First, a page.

Well, I've been working on the keyer. It turns out that the Arduino Mega has the I2C bus on different pins than the Arduino Uno. Since my keyer shield doesn't actually have pins for that location on the Arduino, I had to come up with an adaptor mechanism. I bought some extra long pins from Jameco and put two of the wires into a two-pin housing, and now I have a display. The lack of sidetone output was traced to a broken wire going to the speaker. The paddle inputs didn't work, but that turned out to be a software error.
It occurs to me that I never explained why I'm re-writing the keyer software. To recap the project up to this point: I have wanted a CW memory keyer for a long time, and I had wanted to do some project with the Arduino. However, I didn't think that my circuit design skills were up to designing the necessary hardware and I didn't really want to write the software, and it occurred to me that someone else might have decided to use the Arduino as the basis of a memory keyer and have designed hardware and written the software necessary to make it do what I want.
What happened this weekend was that I wound up not building any antennas. Instead, I started re-writing the keyer software from scratch. It's an iambic keyer now, with no memory features, but there's a speed control and it displays the speed at which you are keying. Progress has been rapid, but now I'm having to think about how to proceed, so it should be slower.
Well, I had not one but two bad potentiometers, and there were three customizations I needed to make to the software for the keyer to work the way I expected, but I've got the speed control working and all of the memory buttons working and the two different PTT lines working.
What isn't working? Well, I destroyed one of the buttons when I recabled it, so I need another momentary contact switch. I don't know if I'll replace it. I mean, 11 memories is almost exactly as good as 12, right? I'm never going to use them all, after all.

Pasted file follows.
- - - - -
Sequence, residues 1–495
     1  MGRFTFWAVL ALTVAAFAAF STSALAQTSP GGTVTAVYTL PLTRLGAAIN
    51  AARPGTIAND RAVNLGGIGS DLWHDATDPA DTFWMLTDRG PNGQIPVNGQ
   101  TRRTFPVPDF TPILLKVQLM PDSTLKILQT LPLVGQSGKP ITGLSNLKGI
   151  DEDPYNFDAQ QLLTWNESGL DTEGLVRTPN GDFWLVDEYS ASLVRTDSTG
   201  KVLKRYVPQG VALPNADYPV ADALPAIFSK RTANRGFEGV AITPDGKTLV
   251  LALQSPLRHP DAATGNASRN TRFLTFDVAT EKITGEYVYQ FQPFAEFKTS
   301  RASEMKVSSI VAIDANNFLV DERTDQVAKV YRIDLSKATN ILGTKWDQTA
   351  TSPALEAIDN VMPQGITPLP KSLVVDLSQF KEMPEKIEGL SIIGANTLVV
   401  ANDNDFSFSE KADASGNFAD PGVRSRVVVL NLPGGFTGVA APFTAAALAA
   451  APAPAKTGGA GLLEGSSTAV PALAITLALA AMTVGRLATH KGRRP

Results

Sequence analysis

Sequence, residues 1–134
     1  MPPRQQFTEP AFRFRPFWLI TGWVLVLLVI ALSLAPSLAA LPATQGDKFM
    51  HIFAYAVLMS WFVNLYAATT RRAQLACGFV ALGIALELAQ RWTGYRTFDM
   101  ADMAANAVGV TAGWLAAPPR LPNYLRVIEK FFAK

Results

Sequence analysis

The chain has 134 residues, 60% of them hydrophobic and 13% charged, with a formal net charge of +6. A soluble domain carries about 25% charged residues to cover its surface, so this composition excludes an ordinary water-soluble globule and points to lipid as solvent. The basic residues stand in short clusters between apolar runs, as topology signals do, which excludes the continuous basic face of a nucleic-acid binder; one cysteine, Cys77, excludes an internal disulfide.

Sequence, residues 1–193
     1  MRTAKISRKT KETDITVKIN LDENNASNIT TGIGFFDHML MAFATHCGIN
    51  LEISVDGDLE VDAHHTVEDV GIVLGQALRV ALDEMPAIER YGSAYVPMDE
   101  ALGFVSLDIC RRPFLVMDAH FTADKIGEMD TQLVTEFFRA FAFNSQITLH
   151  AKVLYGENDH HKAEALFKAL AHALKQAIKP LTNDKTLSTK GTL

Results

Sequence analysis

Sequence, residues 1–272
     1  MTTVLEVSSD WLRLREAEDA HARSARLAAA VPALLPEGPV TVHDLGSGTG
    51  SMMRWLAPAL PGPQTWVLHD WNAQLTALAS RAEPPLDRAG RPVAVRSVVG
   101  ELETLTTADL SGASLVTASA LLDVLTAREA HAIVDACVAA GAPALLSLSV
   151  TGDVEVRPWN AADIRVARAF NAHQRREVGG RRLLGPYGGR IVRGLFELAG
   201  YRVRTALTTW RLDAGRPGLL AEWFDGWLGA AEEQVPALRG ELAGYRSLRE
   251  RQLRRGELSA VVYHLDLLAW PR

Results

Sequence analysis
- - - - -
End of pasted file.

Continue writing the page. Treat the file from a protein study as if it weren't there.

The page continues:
At long last, I have a memory keyer. It was about four years ago, as near as I can tell, that it occurred to me that, not only was constructing a memory keyer based upon the Arduino a good idea, that it was sufficiently obvious that someone else must have done it already. That meant I could leverage their code and hardware designs to that end. After I found K3NG's design and and software, I decided that this project would make a good introduction to PC Board layout and good practice for surface-mount construction.
Okay, I wired up the I2C interface to the LCD, connected the potentiometer for the speed control, and connected jacks for the key and the key out. Along the way, I found that I had labelled the I2C lines wrong, swapping the data and clock lines.
And, yesterday I created a keying cable to go between the keyer and the FT-102, and the radio keyed! So, I need to put it in a box.
I survived ApolloCon just fine, and I'm more energetic than I can remember being, so I have started to work on projects again. I have too many projects, but I still want my memory keyer to be finished, so I'm working on that.
A while back, I finished the board layout for the correct transistor pinouts, and I sent it off to OSHPark to be turned into actual boards. I also ordered parts. Last week I even found out what was wrong with my soldering iron (it wasn't set up right at the factory) and I fixed it. So, I was all set.
I have two updates from previous posts. First, Mal just called and said my FT-102 is ready. The problem appears to have been a bad 10 MHz crystal reference oscillator. It wasn't putting out enough signal so the phase comparator wasn't working so the PLL wasn't locking up. I should get the radio back in a week or two, I just have to (gladly!) pay for the repair.
I've wanted a memory keyer for a long time, but they tend to be expensive and I don't work enough CW to really justify it. However, about three years ago it occurred to me that you could make a memory keyer out of an Arduino. (An Arduino is an amazingly cheap microcontroller board that some clever Italians designed. See, e.g. http://www.arduino.cc/ for more information.) Anyway, a while after I thought of that, I decided that I didn't want to spend a bunch of time designing the hardware and programming the Arduino.